“We have safety and somebody to talk to,” said Broch, who has been sober for nearly three years. “I like the concept of group living. It’s a great way to live. Once you’ve got safety met, you can go on and tackle other problems.”

Assisi House’s first home began as a winter shelter in 2014, housing 27 men from November through March. The effort grew out of the St. Louis Winter Outreach, which provides blankets, shelter and transportation to emergency shelters during severe winter weather conditions. The first home was the start of a pattern of repurposing mostly vacant convents and rectories to become affordable housing.

Deborah Sheperis, one of the St. Louis Winter Outreach volunteers who helped open the first Assisi House in 2014, said the idea was to help people off the streets during the brutal winter months and offer them a place to lay their heads every night and store their personal belongings. Volunteers would provide meals, a bus ticket in the morning and resources to help them stabilize their lives.

“We got about halfway through that winter and said, this building is too good to give up,” said Sheperis, now an Assisi House board member. “Organically, we said what can we do to keep it? We decided if we could charge a low rent for 13 residents, it would pay our lease and utilities and we could make it happen with our volunteer corps.”

After the first year, the group began a more intentional approach with the opening of its second home in Baden, a former convent housing 10 women. Several more homes were opened in the following years. There are 73 residents living among the six homes; a capital campaign will launch this spring to help raise funding to open at least two more homes by the end of 2025.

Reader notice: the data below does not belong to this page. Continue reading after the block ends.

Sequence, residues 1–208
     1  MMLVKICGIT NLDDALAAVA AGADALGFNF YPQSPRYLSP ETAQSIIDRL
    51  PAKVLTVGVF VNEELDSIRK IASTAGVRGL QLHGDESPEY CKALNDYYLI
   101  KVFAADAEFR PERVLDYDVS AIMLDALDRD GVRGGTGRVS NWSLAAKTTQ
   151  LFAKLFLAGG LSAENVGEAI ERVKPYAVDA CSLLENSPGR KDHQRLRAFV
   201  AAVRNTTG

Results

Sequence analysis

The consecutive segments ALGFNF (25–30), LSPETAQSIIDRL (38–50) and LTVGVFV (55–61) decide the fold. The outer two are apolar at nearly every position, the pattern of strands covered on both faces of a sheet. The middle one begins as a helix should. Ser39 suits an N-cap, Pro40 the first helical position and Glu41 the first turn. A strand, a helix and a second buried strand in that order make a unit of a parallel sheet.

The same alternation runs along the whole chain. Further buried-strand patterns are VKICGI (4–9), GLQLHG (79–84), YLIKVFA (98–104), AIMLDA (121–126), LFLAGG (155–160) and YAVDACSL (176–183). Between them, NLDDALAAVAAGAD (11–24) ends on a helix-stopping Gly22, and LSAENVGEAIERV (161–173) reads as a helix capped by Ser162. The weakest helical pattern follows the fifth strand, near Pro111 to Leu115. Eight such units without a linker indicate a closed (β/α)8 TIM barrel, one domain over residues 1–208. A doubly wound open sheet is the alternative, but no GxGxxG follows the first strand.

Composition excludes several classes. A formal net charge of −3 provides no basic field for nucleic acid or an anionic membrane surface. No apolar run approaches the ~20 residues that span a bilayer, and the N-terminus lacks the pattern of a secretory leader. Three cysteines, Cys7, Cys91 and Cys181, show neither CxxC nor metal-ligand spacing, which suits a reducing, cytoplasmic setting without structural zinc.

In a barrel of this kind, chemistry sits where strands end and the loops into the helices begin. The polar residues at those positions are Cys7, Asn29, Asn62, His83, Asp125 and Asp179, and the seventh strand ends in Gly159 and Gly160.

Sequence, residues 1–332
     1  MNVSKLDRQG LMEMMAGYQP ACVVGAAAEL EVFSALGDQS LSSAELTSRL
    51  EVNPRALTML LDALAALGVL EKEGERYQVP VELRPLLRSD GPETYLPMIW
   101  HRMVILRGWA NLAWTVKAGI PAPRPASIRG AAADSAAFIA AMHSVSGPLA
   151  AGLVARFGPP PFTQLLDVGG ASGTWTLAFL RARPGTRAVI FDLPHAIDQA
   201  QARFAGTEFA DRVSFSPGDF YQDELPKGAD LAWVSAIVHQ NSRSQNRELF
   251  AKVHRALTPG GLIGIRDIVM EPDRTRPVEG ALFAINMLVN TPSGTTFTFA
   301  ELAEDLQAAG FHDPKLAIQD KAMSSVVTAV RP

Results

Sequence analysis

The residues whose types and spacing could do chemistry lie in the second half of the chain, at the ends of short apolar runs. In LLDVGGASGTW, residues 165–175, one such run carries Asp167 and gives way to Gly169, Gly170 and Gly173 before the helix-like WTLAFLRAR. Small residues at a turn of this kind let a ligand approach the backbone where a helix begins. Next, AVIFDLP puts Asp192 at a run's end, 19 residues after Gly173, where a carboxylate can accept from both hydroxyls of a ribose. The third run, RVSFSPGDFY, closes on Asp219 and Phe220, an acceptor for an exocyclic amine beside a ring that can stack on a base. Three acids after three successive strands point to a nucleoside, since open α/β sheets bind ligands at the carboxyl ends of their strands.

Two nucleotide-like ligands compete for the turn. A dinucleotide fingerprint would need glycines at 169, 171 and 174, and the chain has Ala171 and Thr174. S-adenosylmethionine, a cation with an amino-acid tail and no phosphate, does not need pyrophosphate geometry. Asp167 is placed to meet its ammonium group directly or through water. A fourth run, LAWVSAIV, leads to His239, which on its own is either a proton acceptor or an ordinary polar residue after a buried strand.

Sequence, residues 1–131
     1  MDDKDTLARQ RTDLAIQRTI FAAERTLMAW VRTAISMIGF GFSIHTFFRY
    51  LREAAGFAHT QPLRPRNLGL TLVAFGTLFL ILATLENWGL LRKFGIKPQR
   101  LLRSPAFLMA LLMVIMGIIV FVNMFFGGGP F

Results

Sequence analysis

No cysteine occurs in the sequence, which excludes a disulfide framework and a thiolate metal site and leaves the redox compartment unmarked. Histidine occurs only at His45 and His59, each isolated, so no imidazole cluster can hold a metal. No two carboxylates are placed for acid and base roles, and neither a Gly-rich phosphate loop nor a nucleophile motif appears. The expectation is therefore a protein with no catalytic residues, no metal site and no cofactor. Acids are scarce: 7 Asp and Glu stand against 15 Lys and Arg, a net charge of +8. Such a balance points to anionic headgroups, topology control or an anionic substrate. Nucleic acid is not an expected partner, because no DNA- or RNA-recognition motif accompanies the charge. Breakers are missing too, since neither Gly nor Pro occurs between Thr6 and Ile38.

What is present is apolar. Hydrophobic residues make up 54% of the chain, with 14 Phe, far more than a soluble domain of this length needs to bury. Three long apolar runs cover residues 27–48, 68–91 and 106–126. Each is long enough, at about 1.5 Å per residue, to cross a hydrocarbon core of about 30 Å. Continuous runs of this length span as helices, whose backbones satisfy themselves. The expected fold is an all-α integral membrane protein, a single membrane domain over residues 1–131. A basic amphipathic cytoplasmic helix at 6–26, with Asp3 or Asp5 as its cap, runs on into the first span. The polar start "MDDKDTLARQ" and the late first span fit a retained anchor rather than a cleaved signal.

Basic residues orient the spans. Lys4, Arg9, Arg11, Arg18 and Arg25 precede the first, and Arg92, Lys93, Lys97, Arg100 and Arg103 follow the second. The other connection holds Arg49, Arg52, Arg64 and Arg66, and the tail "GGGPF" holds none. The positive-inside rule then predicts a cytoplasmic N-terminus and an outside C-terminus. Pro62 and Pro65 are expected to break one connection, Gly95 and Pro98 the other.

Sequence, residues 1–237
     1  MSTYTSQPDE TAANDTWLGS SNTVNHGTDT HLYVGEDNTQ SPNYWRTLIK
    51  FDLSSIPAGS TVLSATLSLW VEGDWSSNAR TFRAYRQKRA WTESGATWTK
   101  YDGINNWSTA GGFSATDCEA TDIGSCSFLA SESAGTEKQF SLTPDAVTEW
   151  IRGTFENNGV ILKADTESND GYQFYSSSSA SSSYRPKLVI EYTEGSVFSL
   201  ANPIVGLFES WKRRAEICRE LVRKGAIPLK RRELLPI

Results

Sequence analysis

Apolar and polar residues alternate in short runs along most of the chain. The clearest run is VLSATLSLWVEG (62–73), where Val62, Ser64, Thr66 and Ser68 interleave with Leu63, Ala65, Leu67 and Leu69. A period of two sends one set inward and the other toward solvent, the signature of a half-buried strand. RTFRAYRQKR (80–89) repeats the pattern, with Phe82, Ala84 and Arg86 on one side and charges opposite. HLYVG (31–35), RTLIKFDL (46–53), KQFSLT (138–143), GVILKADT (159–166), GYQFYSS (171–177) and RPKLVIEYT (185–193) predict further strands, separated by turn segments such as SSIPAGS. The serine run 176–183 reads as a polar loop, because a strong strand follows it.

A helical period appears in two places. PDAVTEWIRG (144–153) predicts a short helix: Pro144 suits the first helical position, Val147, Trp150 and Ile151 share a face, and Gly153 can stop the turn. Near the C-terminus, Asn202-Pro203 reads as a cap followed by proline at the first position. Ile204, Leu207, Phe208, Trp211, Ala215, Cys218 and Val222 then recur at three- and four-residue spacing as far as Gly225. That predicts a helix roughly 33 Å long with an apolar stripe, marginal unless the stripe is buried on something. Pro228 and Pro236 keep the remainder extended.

Assisi House offers a low-cost housing solution, which, for some residents, is a means of transition as they stabilize their lives. For others, it’s a more permanent option, said Megan Armentrout-Steward, who was hired in 2019 as program and volunteer director and became the organization’s first executive director in 2023.

Robert Gibson sat on the porch at the Assisi House location at the former convent at St. Pius V Parish.
Photo Credits: Jacob Wiegand
Most residents pay $275 monthly for a private bedroom with communal bathrooms, kitchen and living space. Assisi House primarily works with agencies such as St. Patrick Center, BJC, Places for People, Independence Center and ARCA to receive referrals. Assisi House also has received grant funding from the Annual Catholic Appeal through the Archbishop’s Charity Fund.

“If someone needs just a place to live, it can be that for them. And then there are folks who need more support,” Armentrout-Steward said. Staff and volunteers help residents obtain ID cards, secure transportation and get connected to health care and mental health help, if needed.